Patient Outcomes and Quality Improvement: Our Commitment to Excellence

Dec 08, 2021 1:00 PM

Randall J Olson, MD
Randall J Olson, MD

Message from the Chair

The John A. Moran Eye Center at the University of Utah is routinely recognized for its exceptional care and has been ranked among the best eye centers in the nation by U.S. News & World Report and Ophthalmology Times.

We’re part of an amazing health system that, for 12 years in a row, has been ranked in the Top 10 of participating medical centers nationwide in the Vizient Quality and Accountability Ranking system.

Moran’s Quality Improvement (QI) Program, led by Judith E.A. Warner, MD, developed this publication and will launch a website in early 2022 to share information about the quality of our care and how we’re always working to improve it. We are initially sharing patient outcomes from cataract surgeries and endophthalmitis complications and will continue to expand the data sets in the future.

The Moran Eye Center is committed to transparency, and we hope this Clinical Focus publication assists physicians, our patients, and the public.


Randall J Olson, MD

Distinguished Professor and Chair, Department of Ophthalmology and Visual Sciences

CEO, John A. Moran Eye Center, University of Utah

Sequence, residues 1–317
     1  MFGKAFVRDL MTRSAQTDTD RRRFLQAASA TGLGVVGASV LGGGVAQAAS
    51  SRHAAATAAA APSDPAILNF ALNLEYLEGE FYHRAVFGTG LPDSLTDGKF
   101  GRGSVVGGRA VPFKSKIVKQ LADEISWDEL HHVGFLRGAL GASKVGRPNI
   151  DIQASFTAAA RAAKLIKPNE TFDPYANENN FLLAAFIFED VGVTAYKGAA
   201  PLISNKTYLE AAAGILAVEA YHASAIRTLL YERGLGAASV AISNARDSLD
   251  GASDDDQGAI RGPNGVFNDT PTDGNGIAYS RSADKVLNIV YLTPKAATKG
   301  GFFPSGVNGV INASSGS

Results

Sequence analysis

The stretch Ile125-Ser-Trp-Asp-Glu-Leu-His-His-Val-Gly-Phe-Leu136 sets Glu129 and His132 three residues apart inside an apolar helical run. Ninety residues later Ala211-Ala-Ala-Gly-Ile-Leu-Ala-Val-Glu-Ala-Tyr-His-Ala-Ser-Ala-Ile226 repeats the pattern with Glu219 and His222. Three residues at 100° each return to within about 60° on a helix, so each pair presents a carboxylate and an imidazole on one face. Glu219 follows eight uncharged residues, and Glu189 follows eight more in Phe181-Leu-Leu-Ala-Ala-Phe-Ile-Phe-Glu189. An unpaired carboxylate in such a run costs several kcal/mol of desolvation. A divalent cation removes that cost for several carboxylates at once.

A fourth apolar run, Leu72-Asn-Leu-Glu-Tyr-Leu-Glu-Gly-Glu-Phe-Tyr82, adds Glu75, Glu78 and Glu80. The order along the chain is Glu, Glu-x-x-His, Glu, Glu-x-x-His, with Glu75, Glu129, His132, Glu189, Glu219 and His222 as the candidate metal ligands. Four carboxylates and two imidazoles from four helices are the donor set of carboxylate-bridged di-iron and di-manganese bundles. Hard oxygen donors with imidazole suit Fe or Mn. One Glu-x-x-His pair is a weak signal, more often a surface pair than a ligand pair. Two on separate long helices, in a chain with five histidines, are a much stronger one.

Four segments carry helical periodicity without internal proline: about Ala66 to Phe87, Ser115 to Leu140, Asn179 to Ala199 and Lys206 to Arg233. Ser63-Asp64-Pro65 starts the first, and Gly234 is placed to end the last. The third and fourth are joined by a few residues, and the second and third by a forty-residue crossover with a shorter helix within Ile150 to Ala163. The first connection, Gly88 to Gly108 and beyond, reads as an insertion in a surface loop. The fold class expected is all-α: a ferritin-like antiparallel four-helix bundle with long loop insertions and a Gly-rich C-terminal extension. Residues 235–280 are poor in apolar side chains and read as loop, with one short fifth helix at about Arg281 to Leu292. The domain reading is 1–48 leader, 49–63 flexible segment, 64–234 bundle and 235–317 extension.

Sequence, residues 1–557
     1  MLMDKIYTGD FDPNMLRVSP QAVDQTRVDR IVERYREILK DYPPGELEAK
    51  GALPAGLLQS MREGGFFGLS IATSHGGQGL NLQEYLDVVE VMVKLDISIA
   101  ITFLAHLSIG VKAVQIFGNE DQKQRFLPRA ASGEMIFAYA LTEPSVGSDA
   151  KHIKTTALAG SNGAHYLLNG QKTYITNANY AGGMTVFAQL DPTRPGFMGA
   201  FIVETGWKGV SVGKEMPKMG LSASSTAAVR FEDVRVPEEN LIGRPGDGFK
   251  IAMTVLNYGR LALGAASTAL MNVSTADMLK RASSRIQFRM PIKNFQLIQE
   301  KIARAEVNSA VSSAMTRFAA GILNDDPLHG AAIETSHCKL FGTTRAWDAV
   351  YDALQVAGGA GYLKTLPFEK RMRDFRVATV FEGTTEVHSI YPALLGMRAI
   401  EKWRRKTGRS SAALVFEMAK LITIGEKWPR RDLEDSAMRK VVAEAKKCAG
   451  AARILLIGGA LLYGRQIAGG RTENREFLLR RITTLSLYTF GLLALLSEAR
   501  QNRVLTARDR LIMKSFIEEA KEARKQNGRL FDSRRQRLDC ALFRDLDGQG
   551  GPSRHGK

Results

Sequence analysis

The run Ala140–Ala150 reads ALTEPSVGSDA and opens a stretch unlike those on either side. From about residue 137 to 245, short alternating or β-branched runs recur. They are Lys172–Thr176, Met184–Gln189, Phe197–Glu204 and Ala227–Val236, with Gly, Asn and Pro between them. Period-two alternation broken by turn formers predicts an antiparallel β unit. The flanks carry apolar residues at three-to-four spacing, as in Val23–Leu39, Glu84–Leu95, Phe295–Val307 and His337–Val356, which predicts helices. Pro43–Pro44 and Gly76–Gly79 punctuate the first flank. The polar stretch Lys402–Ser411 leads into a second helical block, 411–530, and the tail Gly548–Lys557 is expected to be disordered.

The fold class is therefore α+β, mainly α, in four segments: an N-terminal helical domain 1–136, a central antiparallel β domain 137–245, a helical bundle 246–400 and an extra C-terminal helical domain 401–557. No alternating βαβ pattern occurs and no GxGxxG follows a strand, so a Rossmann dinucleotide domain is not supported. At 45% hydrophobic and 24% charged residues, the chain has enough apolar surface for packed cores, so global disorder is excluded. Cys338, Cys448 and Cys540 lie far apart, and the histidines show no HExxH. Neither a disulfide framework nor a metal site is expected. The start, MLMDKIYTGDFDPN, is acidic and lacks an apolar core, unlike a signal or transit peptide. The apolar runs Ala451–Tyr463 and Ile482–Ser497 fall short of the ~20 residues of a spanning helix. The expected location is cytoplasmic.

Judith E.A. Warner, MD
Judith E.A. Warner, MD

Message from the Vice-Chair of Quality and Value

Improving patient outcomes, safety, or other operational issues requires an understanding of the processes involved.

Measuring processes to establish baseline data can, at times, be a challenge. Yet since I joined Moran’s Quality Improvement Committee in 1994, I have seen our institution rise to meet these challenges.

Our surgery program is a good example.

The first goal was to establish a rigorous process to measure surgical complications. Documenting the entire surgical event in the operative note has long been the gold standard, but as our surgical volume increased to more than 7,000 a year, we could no longer read each note to extract data. Instead, we developed a surgical complication reporting sheet several years ago. This evolved into a form documenting the absence or presence of a complication for every surgery. The process is now second nature to our surgeons and is creating a database second to none in the country.

Now we are joining respected colleagues in a process of transparency for the benefit of our field and, most importantly, of our patients.

Judith E.A. Warner, MD

Vice-Chair of Quality and Value, John A. Moran Eye Center

Professor, Department of Ophthalmology and Visual Sciences, John A. Moran Eye Center, University of Utah

Graphics showing information about the Moran Eye Center.

vision quality improvement patient outcomes